WELLINGTON (AFP) - New Zealand dairy giant Fonterra was ordered to pay French rival Danone NZ$183 million (S$168.7 million) in damages on Friday (Dec 1) over a baby formula botulism scare.
The huge payout came after Danone sued over the 2013 issue, when fears about contamination in Fonterra-supplied ingredients forced global formula recalls, including Danone brands.
"We can confirm that this is the amount of the damages. We are currently considering the full financial implications of the award for Fonterra," the New Zealand cooperative said in a statement.
The suspect ingredient eventually turned out to be a non-toxic bacteria, rather than the potentially fatal botulism.
The French company estimated in 2014 that the episode cost it 300 million euros (S$481.9 million) in operating profit and 370 million euros in sales.
Danone made claims at tribunals in New Zealand and Singapore, but it was not immediately clear which one made Friday's decision.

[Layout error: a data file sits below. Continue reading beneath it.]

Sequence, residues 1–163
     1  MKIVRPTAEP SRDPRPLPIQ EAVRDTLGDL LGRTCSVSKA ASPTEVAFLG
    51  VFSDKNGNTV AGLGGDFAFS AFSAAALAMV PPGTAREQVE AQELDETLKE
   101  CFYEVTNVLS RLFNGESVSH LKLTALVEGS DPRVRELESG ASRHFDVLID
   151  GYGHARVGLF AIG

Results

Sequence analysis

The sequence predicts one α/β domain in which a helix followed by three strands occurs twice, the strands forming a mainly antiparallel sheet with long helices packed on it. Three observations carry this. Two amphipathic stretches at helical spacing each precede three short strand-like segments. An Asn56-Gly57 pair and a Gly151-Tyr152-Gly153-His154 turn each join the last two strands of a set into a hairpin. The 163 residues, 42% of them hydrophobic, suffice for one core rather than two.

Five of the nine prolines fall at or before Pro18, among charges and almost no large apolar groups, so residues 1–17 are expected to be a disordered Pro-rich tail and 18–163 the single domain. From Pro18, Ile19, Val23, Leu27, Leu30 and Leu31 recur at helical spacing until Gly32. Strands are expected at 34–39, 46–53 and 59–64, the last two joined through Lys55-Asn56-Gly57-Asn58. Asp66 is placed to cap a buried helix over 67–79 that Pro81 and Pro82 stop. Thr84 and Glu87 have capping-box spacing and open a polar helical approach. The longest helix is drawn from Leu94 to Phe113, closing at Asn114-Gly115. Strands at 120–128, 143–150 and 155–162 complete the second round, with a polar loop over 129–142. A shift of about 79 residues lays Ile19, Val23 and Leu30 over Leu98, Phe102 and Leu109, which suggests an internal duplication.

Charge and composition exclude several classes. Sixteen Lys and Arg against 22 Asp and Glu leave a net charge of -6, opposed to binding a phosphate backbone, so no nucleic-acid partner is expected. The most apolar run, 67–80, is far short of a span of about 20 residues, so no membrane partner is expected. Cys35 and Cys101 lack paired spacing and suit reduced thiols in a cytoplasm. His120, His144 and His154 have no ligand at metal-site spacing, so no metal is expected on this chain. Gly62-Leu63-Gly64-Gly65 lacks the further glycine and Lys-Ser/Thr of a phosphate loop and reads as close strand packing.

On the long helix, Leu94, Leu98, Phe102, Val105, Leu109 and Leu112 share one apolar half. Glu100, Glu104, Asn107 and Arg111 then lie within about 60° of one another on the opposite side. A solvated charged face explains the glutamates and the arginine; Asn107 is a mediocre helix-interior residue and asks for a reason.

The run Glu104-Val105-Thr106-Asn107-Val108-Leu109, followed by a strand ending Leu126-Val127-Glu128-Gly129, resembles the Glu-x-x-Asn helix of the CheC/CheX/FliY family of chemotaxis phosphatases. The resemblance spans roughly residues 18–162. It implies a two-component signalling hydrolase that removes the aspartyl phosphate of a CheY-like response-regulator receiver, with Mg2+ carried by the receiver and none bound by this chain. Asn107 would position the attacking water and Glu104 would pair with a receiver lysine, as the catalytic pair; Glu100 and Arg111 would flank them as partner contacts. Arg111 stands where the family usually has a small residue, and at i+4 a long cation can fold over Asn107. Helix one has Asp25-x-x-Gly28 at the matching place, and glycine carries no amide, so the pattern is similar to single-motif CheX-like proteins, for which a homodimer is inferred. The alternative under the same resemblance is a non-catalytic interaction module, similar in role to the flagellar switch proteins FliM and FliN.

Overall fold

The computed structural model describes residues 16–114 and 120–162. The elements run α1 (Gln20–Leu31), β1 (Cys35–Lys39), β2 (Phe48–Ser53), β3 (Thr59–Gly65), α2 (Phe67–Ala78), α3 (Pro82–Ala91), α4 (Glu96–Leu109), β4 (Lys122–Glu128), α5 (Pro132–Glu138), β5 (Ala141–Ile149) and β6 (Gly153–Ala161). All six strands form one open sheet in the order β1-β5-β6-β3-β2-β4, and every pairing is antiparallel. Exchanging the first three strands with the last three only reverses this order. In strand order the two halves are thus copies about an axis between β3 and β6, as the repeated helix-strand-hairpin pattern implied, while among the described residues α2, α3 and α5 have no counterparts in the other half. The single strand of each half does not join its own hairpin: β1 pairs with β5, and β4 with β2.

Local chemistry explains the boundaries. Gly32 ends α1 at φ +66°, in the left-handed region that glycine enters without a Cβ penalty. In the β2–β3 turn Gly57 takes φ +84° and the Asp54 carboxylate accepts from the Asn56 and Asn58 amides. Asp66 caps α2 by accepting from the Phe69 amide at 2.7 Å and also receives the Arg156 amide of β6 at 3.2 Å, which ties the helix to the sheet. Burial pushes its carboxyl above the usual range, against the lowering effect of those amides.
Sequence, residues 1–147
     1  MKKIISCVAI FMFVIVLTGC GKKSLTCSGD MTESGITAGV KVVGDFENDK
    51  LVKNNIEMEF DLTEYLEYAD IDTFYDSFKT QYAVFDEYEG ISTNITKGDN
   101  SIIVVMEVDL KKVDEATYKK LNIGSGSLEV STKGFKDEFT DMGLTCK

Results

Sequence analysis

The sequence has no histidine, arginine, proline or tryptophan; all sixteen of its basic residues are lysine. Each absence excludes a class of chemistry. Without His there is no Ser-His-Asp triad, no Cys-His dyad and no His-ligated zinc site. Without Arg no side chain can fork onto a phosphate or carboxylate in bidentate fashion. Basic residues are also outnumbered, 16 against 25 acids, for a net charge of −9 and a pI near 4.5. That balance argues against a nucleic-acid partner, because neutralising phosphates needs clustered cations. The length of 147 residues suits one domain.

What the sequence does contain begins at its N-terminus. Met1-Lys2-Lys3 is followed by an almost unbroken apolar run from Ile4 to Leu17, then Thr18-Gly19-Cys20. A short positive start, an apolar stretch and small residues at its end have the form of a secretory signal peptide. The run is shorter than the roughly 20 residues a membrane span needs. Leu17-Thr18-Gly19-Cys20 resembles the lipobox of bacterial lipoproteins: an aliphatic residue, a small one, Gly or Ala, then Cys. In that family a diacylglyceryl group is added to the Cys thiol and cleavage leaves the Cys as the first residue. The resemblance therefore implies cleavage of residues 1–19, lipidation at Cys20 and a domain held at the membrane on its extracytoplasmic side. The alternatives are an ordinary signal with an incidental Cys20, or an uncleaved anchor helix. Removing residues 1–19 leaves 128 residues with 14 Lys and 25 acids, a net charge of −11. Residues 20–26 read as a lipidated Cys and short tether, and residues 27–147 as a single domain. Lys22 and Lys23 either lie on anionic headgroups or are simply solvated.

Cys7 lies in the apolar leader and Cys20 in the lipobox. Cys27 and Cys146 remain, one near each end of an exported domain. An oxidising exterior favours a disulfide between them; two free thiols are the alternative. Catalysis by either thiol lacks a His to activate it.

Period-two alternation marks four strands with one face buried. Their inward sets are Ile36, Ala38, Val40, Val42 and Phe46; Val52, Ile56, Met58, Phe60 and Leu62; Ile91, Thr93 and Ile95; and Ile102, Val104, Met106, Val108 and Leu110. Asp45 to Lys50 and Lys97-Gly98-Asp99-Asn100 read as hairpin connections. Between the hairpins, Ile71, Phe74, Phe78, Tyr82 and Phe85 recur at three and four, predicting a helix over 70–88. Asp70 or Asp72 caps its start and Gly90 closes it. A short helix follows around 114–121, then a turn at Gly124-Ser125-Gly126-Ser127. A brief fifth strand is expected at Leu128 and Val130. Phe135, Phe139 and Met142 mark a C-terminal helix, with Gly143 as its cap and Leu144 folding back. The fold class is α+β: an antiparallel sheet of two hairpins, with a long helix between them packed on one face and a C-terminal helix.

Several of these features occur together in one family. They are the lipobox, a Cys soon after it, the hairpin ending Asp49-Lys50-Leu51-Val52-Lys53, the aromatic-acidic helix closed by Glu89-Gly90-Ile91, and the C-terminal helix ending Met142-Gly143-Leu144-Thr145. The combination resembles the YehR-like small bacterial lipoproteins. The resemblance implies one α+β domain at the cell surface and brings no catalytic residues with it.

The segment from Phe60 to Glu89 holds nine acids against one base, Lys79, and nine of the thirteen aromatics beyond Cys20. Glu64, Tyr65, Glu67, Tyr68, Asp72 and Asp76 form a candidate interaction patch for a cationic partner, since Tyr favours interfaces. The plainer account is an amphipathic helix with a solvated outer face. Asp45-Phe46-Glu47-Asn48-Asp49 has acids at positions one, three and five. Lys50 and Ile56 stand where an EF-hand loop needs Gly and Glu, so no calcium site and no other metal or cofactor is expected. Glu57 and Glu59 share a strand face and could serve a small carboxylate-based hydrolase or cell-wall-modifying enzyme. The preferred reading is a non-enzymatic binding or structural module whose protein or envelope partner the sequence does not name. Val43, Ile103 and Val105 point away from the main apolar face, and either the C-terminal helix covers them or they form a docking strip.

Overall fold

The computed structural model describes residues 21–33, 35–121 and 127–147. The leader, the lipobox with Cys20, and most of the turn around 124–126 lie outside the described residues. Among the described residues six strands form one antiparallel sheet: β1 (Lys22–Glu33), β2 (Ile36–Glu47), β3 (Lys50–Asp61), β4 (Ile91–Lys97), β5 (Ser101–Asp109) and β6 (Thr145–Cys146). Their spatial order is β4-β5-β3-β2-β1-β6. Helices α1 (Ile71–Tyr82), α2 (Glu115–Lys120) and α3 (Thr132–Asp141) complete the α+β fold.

Danone said on Friday it was important Fonterra be held to account for the food safety failures that led to the scare.
"Danone welcomes this arbitration decision as a guarantee that the lessons from the crisis will not be forgotten," it said in a statement. "Danone considers that this arbitration underscores the merit of its legal actions against Fonterra, including to champion the highest standards of food safety across the industry."
Formula supplies across the world, particularly to the lucrative Chinese market, were affected as cans were yanked from shelves as a precaution.
Fonterra shares were placed in a trading halt before the payout was announced, with chief executive Theo Spierings assuring the market it would not have a long-term impact. "Fonterra remains in a strong financial position and any damages award will not affect our ability to operate," he said.
Fonterra in September announced an annual net profit of NZ$745 million, down 11 per cent on the previous year.